5. One of the events mentioned in the video is the public burning of Talmuds in Paris in 1242. Charges were brought that the Talmud was anti-Christian, and a trial was brought by King Louis IX. The Talmud was found to be blasphemous which led to the public burning. Later, Pope Innocent IV ruled that only the offensive passages should be censored instead of the entire work. Book censorship continues to be heavily debated. In fact, a few years before this, Rabbeinu Yonah had advocated for the public burning of Rambam’s The Guide for the Perplexed at the same location. (He later regretted his decision.) While the burning of the Talmud was obviously devastating for the Jewish community, are there any books or topics that deserve to be censored by a government or should the government allow freedom of speech (through the written form) in all situations? Click here for a list of books currently censored.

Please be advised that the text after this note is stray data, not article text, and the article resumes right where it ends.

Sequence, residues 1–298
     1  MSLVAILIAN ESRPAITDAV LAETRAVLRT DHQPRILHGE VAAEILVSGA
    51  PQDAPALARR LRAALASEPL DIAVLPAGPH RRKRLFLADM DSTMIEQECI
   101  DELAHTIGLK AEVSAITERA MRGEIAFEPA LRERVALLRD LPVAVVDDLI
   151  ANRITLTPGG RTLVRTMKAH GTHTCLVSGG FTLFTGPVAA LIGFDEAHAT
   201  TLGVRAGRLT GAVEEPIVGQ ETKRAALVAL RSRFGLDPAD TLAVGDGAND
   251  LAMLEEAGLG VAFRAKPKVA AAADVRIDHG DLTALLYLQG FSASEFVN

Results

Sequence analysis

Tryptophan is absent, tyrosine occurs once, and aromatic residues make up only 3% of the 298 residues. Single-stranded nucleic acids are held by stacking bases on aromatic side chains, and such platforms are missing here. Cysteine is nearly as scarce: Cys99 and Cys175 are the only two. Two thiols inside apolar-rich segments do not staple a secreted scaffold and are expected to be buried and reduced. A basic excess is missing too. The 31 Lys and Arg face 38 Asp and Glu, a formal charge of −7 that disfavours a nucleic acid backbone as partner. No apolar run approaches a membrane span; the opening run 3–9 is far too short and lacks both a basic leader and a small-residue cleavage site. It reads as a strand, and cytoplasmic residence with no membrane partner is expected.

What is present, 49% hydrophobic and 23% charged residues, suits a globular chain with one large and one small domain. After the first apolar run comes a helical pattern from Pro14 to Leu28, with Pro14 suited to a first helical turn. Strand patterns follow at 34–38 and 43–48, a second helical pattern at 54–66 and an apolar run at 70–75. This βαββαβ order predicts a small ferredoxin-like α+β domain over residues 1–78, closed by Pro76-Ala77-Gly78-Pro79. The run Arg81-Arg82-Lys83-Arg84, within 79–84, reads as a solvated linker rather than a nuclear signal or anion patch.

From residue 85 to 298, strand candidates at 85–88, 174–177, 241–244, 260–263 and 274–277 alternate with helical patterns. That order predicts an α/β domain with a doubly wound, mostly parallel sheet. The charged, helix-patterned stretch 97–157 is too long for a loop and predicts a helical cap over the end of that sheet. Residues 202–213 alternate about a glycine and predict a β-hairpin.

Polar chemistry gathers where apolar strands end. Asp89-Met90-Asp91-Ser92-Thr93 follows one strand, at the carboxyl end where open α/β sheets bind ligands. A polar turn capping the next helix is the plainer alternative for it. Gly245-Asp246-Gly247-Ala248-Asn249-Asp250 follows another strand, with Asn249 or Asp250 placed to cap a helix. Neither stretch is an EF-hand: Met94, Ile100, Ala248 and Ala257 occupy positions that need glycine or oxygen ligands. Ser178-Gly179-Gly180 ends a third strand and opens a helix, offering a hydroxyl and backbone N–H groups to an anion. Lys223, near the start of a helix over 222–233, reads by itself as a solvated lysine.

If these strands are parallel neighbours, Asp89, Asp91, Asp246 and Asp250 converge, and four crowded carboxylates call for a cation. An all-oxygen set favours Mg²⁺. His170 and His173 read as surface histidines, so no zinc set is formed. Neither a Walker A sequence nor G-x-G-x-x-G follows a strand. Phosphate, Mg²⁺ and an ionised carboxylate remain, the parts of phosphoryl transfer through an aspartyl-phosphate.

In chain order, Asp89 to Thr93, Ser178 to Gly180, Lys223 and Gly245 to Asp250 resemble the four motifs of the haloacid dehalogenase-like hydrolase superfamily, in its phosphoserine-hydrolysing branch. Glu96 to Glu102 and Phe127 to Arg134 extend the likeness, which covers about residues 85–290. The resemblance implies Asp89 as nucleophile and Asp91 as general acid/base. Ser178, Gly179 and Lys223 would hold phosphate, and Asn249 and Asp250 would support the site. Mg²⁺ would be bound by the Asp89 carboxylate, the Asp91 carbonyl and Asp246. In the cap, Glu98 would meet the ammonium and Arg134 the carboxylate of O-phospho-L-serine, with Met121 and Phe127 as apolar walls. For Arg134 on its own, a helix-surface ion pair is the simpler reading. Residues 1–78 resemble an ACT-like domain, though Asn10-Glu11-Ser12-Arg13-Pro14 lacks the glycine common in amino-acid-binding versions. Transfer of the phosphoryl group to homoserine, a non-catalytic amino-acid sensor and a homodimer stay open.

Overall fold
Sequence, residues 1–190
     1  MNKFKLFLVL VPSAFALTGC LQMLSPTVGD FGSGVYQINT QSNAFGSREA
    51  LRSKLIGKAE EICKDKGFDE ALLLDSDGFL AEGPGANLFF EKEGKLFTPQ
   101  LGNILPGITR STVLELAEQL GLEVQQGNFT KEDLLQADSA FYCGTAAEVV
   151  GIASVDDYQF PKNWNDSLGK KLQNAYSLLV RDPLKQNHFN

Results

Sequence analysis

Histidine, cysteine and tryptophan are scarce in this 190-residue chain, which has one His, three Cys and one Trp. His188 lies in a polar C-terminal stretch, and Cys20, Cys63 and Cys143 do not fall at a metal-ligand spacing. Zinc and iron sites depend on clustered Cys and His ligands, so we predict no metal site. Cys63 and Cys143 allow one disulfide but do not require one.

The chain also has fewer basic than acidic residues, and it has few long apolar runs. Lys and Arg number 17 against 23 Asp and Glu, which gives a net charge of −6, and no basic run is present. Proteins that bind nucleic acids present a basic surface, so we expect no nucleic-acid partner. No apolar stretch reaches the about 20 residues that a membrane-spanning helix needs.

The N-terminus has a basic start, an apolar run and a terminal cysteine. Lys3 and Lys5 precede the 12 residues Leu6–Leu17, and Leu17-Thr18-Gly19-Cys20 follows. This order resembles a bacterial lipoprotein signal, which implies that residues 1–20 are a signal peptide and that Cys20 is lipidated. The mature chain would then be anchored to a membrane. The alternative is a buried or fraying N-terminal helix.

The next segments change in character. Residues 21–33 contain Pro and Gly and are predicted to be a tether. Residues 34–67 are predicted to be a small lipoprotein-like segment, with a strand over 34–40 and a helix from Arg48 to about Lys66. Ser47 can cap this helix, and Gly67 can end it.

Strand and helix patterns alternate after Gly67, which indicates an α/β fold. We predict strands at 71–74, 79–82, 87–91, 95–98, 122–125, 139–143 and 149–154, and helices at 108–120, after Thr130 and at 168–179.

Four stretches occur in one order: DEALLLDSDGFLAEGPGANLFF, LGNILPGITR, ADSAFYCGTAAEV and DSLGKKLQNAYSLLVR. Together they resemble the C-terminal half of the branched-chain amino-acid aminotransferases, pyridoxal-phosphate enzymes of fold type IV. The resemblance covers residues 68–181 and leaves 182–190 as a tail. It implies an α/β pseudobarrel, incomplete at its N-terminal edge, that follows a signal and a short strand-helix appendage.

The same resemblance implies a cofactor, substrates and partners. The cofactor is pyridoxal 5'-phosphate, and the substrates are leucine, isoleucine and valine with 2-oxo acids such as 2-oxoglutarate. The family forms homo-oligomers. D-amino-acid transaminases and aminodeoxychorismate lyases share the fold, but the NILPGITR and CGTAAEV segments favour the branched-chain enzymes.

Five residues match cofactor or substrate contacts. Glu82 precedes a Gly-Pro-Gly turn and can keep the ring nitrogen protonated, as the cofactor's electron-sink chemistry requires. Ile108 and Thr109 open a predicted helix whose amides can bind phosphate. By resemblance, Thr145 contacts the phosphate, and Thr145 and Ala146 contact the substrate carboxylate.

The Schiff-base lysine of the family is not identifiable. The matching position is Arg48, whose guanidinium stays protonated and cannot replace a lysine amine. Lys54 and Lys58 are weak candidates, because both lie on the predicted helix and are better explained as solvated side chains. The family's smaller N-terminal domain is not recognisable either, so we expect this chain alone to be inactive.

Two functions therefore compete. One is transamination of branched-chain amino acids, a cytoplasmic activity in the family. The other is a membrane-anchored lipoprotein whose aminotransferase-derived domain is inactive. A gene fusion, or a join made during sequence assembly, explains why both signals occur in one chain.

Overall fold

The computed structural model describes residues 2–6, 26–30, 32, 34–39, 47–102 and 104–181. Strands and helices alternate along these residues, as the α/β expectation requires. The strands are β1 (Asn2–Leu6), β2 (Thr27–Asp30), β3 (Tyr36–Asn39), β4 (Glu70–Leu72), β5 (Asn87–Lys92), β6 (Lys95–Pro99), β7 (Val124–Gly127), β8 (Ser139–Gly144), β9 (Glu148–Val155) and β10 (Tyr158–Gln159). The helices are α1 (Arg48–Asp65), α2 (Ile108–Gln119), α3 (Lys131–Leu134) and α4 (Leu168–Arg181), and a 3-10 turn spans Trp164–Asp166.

1. Use our ready-made lesson plan about Rashi HERE.
  2. Nechama Leibowitz was the modern-day scholar on understanding Rashi’s Biblical commentaries. As part of her teaching, she popularized the phrase, “What is bothering Rashi?” so they could understand why Rashi was writing a commentary on that verse. Pick any chapter of the Five Books of Moses and read it in its entirety. Then, underline any verses or phrases that are ambiguous to you and write down any questions you may have. Last, look at Rashi’s commentary (available in many written editions or through this link) and compare to see if Rashi commented on the same verses or phrases that you had questions on.